Cyber Monday Sale: Any Day Tickets are just $20! Plus, get 20% off online Museum Shop orders with promo code CYBERMERCH20. Shop Now

Dismiss notification
Showing 111–120 of 1746 results

Picturing Washington's Army: West Point | Fort Clinton and Constitution Island

Take a closer look at the fortifications on both sides of the Hudson River. Notice the S-curve in the Hudson River that made West Point such a strategic location.

Image courtesy of Library of Congress, Prints and Photographs Division, Washington, D.C. 

Read More

Season of Independence: New Jersey State Constitution, July 2, 1776

New Jersey adopted a constitution that declared its own independence from Great Britain on July 2, 1776. The preamble of the document blamed the colonists’ grievances on the actions of Parliament and King George III and claimed that “all civil Authority under [the King] is necessarily at an End” before going on to lay out a new framework for government without Royal authority.

New Jersey State Archives, Department of State

Read More

Season of Independence: Charlestown, South Carolina Grand Jury Presentments, April 23, 1776

This documentation of Grand Jury Presentments in Charlestown, South Carolina makes numerous legal arguments for why South Carolina and other American colonies would be justified in dissolving their connection to Great Britain. Also included are various grievances against King George III and Parliament, similar to those that were later included in the Declaration of Independence when it was adopted by Congress.

Courtesy of South Carolina Department of Archives and History

Read More

Season of Independence: Instructions by the Virginia Convention to Their Delegates in Congress, May 15, 1776

This newspaper from Boston, Massachusetts includes a printing of the instructions from Virginia’s assembly to their delegates at the Second Continental Congress. Most notably, the instructions tell Virginia delegates to not simply vote in favor of independence, but to propose it themselves. The instructions reference King George III’s “Proclamation of Rebellion” as one of several justifications for taking this step.

Courtesy of Massachusetts Historical Society

Read More

When Women Lost the Vote: A Revolutionary Story: “New Jersey in the Good Old Times”

Read More

When Women Lost the Vote: A Revolutionary Story: “Votes for Women” Stamp

Read More

When Women Lost the Vote: A Revolutionary Story: Women’s Suffrage and Satire

Read More

When Women Lost the Vote: A Revolutionary Story: Defeating Woman Suffrage in New Jersey

Read More

When Women Lost the Vote: A Revolutionary Story: PLG - Montgomery Township, Somerset County, New Jersey, October 1801

Montgomery Township, Somerset County, New Jersey, October 1801


This poll list is for an 1801 state election held at the Rocky Hill Inn in Montgomery Township, Somerset County, New Jersey. The election determined annual officeholders for the New Jersey State Assembly and Legislative Council, and for the Somerset County Sheriff and Coroner. The poll list includes the names of 343 total voters. At least 46 of the voters are women (about 14 percent of the voters on the list). It also includes the names of at least four free Black male voters. One voter is identified as Black on the poll list with the word “negro” next to his name.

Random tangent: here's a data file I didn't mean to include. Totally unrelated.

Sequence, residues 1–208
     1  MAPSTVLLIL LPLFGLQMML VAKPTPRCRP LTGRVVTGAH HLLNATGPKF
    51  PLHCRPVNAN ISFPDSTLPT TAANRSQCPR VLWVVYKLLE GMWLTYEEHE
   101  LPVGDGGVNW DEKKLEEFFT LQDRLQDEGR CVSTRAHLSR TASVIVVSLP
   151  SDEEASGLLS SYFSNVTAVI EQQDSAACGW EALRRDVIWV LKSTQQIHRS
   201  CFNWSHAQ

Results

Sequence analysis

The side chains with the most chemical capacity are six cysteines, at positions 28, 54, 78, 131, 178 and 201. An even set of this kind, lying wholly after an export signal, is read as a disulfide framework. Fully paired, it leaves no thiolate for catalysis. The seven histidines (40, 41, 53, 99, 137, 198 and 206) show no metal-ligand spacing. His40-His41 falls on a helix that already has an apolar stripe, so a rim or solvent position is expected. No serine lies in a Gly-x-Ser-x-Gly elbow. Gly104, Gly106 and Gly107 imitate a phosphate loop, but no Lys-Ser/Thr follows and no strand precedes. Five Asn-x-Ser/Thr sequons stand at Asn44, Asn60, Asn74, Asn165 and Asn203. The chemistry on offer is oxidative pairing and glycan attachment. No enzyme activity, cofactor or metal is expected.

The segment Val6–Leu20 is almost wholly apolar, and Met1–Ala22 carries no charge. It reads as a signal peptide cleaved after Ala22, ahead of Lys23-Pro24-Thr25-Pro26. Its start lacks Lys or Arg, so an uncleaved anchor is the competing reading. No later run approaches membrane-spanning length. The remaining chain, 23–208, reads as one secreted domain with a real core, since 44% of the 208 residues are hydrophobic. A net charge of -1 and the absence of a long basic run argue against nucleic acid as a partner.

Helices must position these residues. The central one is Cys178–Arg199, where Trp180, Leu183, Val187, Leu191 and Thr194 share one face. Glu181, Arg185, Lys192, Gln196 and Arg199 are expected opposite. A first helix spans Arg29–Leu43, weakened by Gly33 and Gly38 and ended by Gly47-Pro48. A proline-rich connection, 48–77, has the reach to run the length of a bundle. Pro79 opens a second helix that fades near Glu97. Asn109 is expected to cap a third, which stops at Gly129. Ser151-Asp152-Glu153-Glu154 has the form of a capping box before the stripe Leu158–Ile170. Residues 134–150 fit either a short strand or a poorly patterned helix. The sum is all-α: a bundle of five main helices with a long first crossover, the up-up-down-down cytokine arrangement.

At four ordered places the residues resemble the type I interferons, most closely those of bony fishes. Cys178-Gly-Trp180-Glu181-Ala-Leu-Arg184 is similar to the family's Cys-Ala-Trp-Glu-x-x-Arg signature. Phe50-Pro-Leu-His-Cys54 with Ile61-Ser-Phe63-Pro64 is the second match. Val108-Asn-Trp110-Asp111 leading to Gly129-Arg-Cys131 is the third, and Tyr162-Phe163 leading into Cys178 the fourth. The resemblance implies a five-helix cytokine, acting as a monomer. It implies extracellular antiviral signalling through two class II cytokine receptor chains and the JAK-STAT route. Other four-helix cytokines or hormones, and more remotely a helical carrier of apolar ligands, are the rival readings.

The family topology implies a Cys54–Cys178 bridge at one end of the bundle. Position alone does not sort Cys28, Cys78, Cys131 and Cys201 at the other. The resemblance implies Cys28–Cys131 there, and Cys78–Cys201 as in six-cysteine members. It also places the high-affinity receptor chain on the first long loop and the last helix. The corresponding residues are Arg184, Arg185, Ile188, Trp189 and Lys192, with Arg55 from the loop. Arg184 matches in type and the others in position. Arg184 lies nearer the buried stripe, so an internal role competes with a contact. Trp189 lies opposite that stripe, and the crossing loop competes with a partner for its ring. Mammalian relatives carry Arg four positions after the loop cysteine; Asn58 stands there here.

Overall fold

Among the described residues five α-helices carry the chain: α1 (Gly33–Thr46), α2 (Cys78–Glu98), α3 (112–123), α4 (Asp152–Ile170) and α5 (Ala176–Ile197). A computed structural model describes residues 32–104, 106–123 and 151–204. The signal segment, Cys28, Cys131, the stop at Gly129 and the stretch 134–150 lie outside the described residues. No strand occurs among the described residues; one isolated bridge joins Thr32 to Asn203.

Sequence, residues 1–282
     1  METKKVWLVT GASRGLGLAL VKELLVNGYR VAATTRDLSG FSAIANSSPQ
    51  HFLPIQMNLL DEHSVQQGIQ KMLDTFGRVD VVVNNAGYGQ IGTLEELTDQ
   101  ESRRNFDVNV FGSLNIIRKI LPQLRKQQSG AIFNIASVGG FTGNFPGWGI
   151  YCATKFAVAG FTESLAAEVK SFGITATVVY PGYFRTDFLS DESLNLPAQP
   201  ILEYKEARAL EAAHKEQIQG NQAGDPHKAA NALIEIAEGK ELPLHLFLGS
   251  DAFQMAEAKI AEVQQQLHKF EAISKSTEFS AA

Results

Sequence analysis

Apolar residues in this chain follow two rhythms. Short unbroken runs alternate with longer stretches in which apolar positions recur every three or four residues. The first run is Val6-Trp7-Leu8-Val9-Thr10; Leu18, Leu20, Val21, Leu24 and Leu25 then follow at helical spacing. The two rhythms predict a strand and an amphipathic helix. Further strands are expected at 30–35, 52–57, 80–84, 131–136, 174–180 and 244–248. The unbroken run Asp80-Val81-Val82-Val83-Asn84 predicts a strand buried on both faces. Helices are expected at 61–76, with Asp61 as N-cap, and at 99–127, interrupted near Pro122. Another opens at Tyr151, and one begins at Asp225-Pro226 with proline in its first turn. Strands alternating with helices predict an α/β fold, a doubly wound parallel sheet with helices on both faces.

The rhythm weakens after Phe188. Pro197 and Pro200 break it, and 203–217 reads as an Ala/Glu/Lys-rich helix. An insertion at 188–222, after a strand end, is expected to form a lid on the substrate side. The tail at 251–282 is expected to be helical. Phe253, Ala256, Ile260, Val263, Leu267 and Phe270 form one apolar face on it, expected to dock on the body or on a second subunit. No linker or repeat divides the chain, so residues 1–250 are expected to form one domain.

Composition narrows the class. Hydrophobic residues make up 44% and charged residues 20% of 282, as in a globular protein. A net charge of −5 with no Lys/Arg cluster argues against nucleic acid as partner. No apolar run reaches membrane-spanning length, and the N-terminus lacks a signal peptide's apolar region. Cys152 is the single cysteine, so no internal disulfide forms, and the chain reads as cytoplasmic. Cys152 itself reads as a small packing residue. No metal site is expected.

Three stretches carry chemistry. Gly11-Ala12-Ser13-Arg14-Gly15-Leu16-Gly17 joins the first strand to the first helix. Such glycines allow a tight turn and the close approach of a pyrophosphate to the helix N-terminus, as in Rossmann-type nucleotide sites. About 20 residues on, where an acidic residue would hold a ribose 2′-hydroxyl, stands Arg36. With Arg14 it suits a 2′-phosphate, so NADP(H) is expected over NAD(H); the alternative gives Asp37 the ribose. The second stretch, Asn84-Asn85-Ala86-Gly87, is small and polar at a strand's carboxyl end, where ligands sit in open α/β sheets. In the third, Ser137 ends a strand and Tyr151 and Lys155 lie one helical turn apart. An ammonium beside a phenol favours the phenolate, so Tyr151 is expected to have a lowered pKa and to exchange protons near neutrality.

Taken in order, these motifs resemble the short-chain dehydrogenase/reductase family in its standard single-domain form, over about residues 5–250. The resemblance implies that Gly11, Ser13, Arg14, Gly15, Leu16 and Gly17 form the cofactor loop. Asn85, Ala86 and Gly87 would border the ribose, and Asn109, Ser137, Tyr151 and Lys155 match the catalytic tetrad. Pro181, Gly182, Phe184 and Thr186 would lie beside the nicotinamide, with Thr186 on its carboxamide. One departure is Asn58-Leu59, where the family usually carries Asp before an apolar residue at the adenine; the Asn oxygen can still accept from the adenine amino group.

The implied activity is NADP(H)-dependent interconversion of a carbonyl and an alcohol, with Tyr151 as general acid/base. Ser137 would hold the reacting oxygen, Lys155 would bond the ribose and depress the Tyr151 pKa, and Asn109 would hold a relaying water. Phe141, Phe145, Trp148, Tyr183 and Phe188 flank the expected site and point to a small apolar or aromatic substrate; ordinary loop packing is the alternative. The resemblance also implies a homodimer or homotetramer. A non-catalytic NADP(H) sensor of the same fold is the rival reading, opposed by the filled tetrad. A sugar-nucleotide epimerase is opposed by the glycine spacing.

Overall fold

There are a number of voters on this list who have yet to be identified. As the Museum of the American Revolution continues its research, please contact us if you know more about any of the voters. Share your research with us.

Read More

When Women Lost the Vote: A Revolutionary Story: Montgomery Township, Somerset County, New Jersey, October 1801

Montgomery Township
Somerset County, New Jersey
October 13, 1801
Ink on Paper 

This poll list is from an 1801 state election held at the Rocky Hill Inn in Montgomery Township, Somerset County. The election determined annual officeholders for the New Jersey State Assembly and Legislative Council, and for the Somerset County Sheriff and Coroner. The town officers presiding over the election included one judge, Robert Stockton, the town clerk, Frederick Cruser, and two poll inspectors, Hendrick VanDike, also known as Colonel Henry VanDike, and Thomas Skillman. 

The poll list includes the names of 343 total voters. At least 46 of these voters are women, accounting for nearly 14 percent of the voters on the list. It also includes the names of at least four free Black male voters, one of whom is identified as Black on the poll list with the word “negro” in parentheses next to his name. 

Like the rest of Somerset County, Montgomery Township voted Federalist in 1801. Most voters in the township supported Federalists Peter D. Vroom for Legislative Council; William MacEowen, James Van Duyn, and Frederick Frelinghuysen for General Assembly; and Peter Stryker for sheriff. The voting results for coroner are lost.

Note: The names recorded on this poll list were written by an election official, not by the voters themselves. The spelling of each voter’s name on the poll list may be different compared to how that same person’s name is spelled in other historical records and by the Museum of the American Revolution.

Images: New Jersey State Archives, Department of State

Read More
12 of 175 pages